We ran dozens of Google searches. Many brought up that horrible word that is ‘miscarriage’ while others had said it wasn’t always something to be concerned about. Some mothers revealed how they’d had floods of blood throughout their entire pregnancy, only to give birth to healthy babies when their due date arrived. Many more said they’d lost their baby, many before 10 weeks and, worse, sometimes even over 20 weeks. We were at 11 weeks, although our baby was only measuring at 8 weeks.
Googling is a bad thing to do when it comes to your health. Your doctor is there to give you the right advice, while Google often seems to make me feel like I have 400 types of cancer. But you can’t help doing it if only to reassure yourself that nothing is wrong. Of course, it often ends with you feeling like its worse than it is. Unfortunately, in our case, it was.
Over the next day or so the blood got worse. As clots made their appearance and Alex started to feel period-type pains, we realised this was far more than just spotting. Alex contacted our prenatal unit and booked an appointment for the day after. It wasn’t a long wait but it felt like forever. Unfortunately, it wouldn’t be long before the actual miscarriage raised its ugly head.
The nurse sat down and explained what would happen now. She was very reassuring and explained that our miscarriage wouldn’t affect our chances of having children in the future, but I mostly zoned out and can’t remember much of what she said. I can’t even remember her name, which is why she’s just known as the ‘nurse’. All I could keep thinking is that our baby, our child that we’d dreamed about for years, was now gone.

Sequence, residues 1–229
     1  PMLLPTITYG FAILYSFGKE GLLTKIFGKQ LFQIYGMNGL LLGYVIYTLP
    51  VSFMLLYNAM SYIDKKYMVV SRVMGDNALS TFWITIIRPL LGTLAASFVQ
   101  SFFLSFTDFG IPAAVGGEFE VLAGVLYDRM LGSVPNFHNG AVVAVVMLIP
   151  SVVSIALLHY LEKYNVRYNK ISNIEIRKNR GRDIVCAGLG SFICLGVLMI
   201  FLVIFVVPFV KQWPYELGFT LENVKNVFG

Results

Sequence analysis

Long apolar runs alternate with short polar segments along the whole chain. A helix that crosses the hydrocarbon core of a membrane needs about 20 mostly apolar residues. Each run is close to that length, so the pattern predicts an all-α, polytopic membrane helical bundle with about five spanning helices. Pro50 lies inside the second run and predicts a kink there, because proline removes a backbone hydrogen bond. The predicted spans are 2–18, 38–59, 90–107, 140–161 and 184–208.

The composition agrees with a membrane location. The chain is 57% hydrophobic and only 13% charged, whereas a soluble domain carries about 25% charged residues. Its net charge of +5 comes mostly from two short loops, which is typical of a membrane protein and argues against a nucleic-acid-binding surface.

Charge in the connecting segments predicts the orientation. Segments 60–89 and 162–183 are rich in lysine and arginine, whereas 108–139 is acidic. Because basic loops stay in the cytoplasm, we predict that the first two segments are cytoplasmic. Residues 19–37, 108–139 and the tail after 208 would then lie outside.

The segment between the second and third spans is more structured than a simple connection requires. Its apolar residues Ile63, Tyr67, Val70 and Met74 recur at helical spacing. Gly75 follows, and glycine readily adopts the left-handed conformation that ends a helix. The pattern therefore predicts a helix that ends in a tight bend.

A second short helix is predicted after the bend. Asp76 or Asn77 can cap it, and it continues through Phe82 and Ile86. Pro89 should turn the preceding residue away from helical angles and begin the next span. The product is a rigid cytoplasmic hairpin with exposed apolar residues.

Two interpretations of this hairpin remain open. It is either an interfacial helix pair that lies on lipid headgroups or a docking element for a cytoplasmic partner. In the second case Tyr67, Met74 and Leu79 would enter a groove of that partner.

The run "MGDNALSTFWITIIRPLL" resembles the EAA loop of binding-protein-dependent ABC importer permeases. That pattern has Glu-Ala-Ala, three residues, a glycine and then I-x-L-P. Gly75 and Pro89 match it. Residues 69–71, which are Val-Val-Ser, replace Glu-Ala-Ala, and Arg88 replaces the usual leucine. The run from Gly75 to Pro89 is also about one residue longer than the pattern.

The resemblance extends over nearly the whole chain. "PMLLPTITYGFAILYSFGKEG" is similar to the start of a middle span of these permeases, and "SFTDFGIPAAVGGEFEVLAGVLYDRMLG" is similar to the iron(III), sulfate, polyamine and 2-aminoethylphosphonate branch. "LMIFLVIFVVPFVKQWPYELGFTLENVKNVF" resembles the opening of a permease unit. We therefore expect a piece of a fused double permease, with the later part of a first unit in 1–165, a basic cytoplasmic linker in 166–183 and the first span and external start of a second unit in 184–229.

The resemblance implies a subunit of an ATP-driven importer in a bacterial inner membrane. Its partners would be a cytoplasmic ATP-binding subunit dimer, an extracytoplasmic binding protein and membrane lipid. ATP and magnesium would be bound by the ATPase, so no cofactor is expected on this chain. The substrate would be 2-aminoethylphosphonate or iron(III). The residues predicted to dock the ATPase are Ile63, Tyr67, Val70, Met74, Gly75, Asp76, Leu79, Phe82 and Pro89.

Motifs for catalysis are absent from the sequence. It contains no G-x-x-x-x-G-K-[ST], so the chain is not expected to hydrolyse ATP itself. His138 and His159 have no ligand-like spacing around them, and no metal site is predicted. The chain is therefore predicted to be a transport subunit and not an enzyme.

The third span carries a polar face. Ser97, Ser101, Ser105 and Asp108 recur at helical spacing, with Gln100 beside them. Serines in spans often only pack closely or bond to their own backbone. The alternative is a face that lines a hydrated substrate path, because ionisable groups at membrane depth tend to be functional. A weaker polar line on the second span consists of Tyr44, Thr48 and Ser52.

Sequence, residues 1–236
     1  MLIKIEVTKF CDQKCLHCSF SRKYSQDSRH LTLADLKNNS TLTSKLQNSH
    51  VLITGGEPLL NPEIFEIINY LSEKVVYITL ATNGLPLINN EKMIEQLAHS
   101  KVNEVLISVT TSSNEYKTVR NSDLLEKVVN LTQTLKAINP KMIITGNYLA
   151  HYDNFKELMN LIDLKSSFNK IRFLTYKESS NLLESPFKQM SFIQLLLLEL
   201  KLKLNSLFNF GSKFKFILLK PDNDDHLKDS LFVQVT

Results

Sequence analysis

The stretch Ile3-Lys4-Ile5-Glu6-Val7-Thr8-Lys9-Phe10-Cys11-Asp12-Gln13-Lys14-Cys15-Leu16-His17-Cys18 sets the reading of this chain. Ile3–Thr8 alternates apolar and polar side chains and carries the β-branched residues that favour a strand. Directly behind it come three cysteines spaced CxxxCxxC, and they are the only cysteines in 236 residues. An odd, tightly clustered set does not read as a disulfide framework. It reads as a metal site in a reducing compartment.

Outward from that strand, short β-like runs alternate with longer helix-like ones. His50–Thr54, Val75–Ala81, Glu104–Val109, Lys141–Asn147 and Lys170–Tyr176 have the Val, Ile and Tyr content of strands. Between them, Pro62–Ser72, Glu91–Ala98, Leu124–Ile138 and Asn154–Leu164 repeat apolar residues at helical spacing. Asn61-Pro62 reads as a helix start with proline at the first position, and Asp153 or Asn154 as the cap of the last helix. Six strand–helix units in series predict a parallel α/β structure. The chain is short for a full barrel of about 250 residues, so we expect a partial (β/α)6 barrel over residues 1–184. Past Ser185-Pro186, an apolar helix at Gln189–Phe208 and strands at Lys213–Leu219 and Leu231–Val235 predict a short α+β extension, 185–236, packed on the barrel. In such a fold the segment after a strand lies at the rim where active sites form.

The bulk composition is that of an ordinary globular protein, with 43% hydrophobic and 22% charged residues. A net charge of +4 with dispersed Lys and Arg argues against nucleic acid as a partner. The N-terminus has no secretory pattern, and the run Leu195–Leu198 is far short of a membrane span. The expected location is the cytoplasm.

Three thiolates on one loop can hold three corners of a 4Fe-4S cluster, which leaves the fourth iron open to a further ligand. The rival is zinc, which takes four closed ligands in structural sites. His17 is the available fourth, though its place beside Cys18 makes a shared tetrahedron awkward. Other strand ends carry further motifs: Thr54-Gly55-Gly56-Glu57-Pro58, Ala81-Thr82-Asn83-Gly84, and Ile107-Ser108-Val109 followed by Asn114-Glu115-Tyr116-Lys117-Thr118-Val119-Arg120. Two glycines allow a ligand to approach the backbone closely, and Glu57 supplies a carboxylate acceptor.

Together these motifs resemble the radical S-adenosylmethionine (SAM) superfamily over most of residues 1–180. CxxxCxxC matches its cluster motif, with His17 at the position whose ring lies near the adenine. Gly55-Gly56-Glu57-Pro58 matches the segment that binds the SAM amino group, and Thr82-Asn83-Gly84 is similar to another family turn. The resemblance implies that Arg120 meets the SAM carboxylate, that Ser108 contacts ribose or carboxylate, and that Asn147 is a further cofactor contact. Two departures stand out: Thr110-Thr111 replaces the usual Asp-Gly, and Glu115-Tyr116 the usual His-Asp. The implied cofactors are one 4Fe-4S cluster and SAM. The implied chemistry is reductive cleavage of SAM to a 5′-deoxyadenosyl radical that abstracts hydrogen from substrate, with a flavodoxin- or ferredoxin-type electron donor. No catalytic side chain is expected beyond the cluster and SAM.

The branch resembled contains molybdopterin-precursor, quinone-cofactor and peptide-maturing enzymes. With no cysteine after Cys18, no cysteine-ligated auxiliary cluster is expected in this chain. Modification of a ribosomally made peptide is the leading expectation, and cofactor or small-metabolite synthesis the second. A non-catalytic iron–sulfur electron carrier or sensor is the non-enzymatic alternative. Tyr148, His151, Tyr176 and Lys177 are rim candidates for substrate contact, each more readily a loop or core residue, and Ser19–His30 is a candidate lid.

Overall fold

Before the nurse sat down she asked if we wanted to see our baby on the ultrasound. Alex was too upset to look, but I looked and I’m glad I did. Other than the flicker of a heartbeat a few weeks before, it was the first time I’d seen anything fully solid on the ultrasound scan. At an even earlier scan appointment, the nurse found it hard to find our baby, and couldn’t be 100% sure she had even when she did. We put that down to it being very early days. Now that I could fully see the development of a human being, it felt heartbreaking to know that we’d never see our baby in the flesh.
We’d go back and get a copy of the ultrasound scan picture a few days after once Alex was ready. This picture now sits framed in our living room. It reminds us every day of what we lost.
As we left the unit, Alex broke down and slid to the floor. All I could do was wrap my arms around her and let her cry. I felt awful too, but I can’t imagine how Alex felt. She must have felt so broken at the fact that the baby she was carrying was no longer alive.